Focus on a problem
Rank the solutions and pick the best one
Execute the best solution in the real world
Design thinking simply uses its own unique language and tends to focus on the user experience more than some other ways of solving problems. Taken together, these two ways of thinking provide a powerful process for creating practical, human-centered change.
- Focus on a specific problem: Specific problems are more easily and practically solvable than general ones. Chapin’s group did not go into Cambodia with the general goal of improving the lives of Cambodian villagers, rather they had the specific goal of creating cheap, effective latrines to improve sanitation and prevent disease. Specific problems clarify focus, enable goal setting, and provide a path for communication between users and designers.
- Ideation draws on experience: In order to come up with ideas, Chapin and his team drew on the experiences of the villagers. The designers came up with an analogous process that the villagers would connect with. The villagers in Cambodia were used to slowly building up their homes one piece at a time from the most basic bare bones. This was an additive process. The team’s first attempt to draw on this experience failed because they used a flow chart to communicate their ideas, and the chart’s linear nature didn’t mesh with the additive process the Cambodian villagers used. They finally were able to communicate effectively using layered slides to show the additive process and get feedback.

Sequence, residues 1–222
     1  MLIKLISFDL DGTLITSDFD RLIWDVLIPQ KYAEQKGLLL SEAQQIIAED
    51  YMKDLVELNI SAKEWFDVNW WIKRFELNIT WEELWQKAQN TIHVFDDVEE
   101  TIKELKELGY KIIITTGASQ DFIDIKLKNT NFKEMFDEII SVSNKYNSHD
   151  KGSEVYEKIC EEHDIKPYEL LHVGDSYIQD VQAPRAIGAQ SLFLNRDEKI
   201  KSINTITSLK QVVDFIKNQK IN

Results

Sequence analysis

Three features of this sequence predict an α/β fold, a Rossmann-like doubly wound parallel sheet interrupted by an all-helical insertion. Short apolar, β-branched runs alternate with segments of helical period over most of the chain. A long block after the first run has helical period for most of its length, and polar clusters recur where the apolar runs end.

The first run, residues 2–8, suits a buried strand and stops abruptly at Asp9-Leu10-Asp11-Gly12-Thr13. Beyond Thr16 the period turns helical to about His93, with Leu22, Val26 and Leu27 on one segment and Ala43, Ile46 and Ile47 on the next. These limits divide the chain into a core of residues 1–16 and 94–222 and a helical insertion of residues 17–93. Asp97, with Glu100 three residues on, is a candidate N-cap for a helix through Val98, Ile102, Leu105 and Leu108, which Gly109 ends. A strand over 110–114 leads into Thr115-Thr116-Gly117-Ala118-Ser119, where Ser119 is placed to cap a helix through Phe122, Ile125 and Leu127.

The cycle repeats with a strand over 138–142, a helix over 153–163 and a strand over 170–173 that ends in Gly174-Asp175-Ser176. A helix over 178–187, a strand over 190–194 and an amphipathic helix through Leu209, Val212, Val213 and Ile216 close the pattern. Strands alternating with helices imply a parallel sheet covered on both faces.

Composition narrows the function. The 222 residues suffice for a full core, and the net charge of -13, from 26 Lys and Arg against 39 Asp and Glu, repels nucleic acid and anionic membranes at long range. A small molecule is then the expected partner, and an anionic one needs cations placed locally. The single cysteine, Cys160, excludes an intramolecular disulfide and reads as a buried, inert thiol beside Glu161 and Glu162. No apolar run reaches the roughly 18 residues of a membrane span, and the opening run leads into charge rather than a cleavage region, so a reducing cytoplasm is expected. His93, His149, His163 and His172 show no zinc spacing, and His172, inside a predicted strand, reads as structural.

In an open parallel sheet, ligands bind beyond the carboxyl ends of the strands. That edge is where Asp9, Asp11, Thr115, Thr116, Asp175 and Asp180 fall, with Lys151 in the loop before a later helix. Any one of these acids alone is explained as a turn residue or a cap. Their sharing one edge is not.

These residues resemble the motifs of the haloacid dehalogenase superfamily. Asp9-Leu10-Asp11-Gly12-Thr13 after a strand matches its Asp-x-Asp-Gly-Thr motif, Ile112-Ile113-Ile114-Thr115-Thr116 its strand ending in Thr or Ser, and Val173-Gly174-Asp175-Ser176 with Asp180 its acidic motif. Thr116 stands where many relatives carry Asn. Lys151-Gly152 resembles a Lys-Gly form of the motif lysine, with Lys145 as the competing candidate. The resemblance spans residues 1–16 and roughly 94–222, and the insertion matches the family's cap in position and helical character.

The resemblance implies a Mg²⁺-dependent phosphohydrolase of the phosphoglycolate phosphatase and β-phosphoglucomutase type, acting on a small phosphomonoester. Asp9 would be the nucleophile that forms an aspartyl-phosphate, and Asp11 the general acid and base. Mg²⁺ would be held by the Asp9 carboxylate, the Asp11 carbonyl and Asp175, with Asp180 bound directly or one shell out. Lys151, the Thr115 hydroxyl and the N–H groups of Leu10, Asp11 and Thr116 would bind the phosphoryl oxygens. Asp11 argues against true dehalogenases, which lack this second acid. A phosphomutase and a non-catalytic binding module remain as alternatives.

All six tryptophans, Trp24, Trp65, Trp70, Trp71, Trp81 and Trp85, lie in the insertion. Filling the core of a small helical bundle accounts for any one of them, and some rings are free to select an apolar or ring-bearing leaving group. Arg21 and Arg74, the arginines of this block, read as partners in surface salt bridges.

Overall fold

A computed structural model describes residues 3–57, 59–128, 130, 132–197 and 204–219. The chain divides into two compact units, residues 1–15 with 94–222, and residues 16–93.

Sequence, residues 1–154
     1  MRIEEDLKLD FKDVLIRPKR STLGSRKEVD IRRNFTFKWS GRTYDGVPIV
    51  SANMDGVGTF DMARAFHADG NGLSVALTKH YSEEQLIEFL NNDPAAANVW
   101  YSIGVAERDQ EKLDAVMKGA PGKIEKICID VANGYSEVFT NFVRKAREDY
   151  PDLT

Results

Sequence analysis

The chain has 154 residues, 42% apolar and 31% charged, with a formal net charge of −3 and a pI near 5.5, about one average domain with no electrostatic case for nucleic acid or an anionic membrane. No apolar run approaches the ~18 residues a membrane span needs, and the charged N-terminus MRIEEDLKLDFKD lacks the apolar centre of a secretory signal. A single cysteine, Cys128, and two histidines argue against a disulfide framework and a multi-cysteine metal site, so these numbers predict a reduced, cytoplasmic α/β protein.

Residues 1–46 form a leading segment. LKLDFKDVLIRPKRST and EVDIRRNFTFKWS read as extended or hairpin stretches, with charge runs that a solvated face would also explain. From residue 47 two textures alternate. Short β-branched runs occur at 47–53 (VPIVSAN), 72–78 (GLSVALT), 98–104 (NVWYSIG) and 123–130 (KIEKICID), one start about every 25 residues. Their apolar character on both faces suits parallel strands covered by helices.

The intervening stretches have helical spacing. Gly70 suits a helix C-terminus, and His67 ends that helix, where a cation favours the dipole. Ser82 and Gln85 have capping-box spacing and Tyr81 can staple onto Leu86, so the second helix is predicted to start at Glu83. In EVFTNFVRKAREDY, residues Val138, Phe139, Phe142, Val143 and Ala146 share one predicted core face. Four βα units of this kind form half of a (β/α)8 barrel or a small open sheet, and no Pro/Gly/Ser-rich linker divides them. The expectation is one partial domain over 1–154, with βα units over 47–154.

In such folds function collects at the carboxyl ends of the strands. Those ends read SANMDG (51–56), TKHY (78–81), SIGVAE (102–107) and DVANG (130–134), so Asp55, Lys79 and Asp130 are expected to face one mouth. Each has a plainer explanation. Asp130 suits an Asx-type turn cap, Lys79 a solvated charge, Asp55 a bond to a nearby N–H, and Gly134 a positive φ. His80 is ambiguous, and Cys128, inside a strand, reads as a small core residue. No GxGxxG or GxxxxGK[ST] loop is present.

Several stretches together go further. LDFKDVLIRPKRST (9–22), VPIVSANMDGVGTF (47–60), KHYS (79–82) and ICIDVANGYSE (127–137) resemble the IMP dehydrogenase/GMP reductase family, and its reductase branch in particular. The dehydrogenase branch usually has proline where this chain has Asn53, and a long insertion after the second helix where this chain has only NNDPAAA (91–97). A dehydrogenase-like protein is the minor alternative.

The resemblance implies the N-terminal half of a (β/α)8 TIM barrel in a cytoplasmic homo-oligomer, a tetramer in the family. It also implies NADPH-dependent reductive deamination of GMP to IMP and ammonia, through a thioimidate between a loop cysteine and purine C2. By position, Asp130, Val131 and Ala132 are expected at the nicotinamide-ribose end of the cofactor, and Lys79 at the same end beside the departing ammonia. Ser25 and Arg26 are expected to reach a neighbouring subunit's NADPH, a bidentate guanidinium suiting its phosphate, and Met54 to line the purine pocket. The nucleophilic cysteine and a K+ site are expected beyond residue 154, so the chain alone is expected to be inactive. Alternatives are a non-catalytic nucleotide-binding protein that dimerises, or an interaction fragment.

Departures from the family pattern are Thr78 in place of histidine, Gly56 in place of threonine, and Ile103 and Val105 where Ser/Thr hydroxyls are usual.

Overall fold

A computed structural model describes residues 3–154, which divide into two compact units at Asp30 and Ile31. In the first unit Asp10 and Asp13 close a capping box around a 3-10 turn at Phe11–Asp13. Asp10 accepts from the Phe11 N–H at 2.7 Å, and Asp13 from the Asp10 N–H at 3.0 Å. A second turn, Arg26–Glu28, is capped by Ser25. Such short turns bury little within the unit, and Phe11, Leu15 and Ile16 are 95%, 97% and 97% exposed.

- Ranking through prototyping and testing: The team went directly to the people who would use the product, determined from them what would work and what wouldn’t, and where their own assumptions were wrong. For example, there was a man in Vietnam who kept giving them suggestions about their design for a hand-washing station. They sent him home with it and came back a week later to see what additions he made. The most substantial was the fact that he put it in the kitchen: the team discovered that people preferred keeping hand-washing stations in their kitchen because it was the place they were most likely to get other family members sick through contaminated food.
- Execution: Just get the basics out there and allow the innovation process to continue. The most important elements in Chapin’s example were toilets and hand-washing stations, which were pretty basic products. The end users built from simply executable designs—they didn’t need anything more than the basic plumbing necessary to have a working toilet. The rest of the work—building a business around the product, customizing it, and adding features—they do themselves, continuing the innovation process.
As with innovation, the goal of design thinking is always to make something better than what was there before. What is unique to design thinking is the language and specific processes it uses (prototyping, for example) and its focus on the experience of the people actually using the end product.